After attending the composition program at Berklee College of Music in Boston, where he also studied Philosophy of Religion under Dr. Peter Kreeft, Roshi Ryodo spent many years as a professional musician. From 1988 to 2018 he has made a living as a software developer, winning PC Magazine Editor’s Choice award for his groupware application “TeamTalk” along the way. Roshi Ryodo lives in Westchester, CA, with his wife and son.
Roshi Ryodo leads the Westchester Zen Circle, an affiliated sitting group near Los Angeles International Airport. He also offers workshops on Zen Mindfulness, which he originated in 2002, and is the author of Three Steps to Mindfulness: Bringing Zen Awareness Into Your Life and the creator of the Zen Mindfulness Cloudbook on the World Wide Web.
This year, Roshi Ryodo became President of the White Plum Asanga (WPA), an affinity organization of peers in the lineage of Hakuyu Taizan Maezumi Roshi. The Asanga provides opportunities for amicable association, the sharing of common experiences, and for members to support one another through online various online discussion forums.
Sensei Katherine Daiki Senshin Griffith
Sensei Senshin became the new Head Teacher at ZCLA on April 10. 2022. She started studying Zen in the Rinzai tradition at New York Zendo Shobo-Ji in Manhattan in 1987. At Dai Bosatsu Zendo, she received Jukai in 1994 from Eido Shimano Roshi, with whom she studied until 2000 when she moved to Los Angeles. She became a member of ZCLA in 2001 and began her studies with Roshi Egyoku. During her time in New York, Sensei Senshin also studied with various Tibetan teachers and at Fire Lotus Zendo. She also volunteered for ten years at the Ethical Cultural Society’s Homeless Shelter.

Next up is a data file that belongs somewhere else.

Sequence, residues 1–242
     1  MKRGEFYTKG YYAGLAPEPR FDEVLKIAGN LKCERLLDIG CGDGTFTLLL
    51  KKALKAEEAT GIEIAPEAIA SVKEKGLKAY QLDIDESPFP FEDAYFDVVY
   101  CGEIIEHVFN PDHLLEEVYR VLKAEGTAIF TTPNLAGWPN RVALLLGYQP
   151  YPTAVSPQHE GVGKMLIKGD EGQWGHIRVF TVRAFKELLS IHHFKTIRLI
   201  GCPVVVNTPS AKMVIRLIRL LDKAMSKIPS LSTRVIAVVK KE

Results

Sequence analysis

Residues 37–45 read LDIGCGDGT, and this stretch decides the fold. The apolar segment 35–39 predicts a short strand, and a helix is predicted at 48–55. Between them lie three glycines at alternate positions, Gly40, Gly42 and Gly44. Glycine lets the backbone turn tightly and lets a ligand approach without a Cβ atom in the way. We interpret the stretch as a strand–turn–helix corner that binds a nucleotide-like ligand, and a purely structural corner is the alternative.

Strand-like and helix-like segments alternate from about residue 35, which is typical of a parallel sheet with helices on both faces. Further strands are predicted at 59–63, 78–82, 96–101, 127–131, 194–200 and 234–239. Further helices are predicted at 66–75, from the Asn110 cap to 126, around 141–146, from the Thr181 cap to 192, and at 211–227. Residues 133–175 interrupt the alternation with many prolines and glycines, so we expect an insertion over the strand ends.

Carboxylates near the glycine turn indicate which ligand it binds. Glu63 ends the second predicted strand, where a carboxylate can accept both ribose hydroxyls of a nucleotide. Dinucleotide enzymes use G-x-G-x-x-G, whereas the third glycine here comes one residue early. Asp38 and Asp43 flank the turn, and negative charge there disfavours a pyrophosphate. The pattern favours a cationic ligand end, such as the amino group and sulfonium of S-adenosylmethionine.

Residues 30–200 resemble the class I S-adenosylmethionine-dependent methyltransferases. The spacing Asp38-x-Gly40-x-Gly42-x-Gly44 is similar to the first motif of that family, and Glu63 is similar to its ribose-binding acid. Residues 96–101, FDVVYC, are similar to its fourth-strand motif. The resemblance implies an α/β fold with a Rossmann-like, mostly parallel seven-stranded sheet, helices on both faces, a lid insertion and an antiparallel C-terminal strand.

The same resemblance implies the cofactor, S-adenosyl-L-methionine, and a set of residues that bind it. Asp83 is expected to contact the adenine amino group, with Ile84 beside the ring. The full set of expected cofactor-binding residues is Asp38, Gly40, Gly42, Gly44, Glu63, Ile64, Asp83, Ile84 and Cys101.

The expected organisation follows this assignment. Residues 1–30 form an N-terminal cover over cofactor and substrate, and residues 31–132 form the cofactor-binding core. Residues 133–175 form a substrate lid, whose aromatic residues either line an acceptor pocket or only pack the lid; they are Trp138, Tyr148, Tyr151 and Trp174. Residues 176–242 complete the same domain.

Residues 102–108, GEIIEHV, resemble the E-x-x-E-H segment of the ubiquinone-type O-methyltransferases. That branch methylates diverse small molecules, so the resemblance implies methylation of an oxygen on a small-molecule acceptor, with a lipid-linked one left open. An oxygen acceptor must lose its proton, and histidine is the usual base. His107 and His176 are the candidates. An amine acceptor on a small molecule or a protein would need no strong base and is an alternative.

She joined the staff as Program Steward in 2010 and the Teacher’s Circle in 2016. Sensei Senshin was empowered as Dharma Holder in 2018 and was empowered as an independent Zen teacher and Preceptor in 2019. She is a member of the Lay Zen Teachers Association (LZTA), the American Zen Teachers Association (AZTA), the White Plum Asanga (WPA) and the Zen Peacemaker’s Order of Disorder.
Born and raised in Texas, Sensei Senshin moved to New York in 1978 to attend the Juiliard School’s Drama Division, where she trained as an actress and received the Michele Saint Denis Award for Outstanding Achievement. She also trained in the rigorous physical theatre of Tadashi Suzuki with his company in Toga-mura Japan. Currently, she is a professional actor, comedic performer and writer. Through Theatre of Hearts/Youth First, she also works as an artist-in-residence with at risk kids all over the Los Angeles area and with incarcerated teenagers in the probation camps.
Senshin lives in Torrance, CA with her spouse, Darla Myoho Fjeld.